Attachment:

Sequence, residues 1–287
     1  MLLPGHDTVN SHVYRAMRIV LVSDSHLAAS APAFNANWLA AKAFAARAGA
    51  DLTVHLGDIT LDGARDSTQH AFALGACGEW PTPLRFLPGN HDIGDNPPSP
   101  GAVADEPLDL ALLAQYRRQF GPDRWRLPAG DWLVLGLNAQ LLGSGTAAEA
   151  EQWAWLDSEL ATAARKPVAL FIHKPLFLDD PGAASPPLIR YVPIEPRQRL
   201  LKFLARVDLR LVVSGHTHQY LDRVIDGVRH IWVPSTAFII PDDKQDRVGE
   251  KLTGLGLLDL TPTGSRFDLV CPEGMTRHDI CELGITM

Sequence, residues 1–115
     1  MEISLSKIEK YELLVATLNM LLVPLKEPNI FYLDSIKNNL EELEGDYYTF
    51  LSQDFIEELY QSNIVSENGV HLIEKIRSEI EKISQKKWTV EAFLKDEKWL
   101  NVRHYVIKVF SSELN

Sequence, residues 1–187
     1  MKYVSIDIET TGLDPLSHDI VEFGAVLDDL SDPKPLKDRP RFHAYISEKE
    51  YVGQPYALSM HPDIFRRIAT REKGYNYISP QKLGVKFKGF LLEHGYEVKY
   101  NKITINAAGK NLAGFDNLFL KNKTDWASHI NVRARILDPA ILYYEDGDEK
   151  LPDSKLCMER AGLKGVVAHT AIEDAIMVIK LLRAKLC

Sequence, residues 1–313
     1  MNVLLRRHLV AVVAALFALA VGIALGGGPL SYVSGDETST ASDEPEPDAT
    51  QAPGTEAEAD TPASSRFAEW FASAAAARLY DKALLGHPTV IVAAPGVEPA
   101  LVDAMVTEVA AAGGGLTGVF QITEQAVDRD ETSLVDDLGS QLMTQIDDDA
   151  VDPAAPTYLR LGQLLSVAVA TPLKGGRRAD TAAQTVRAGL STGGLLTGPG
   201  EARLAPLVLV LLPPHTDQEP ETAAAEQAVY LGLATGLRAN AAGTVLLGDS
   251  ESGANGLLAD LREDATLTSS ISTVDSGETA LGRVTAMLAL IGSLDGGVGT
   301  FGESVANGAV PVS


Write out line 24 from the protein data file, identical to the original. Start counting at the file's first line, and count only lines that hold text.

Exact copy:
   301  FGESVANGAV PVS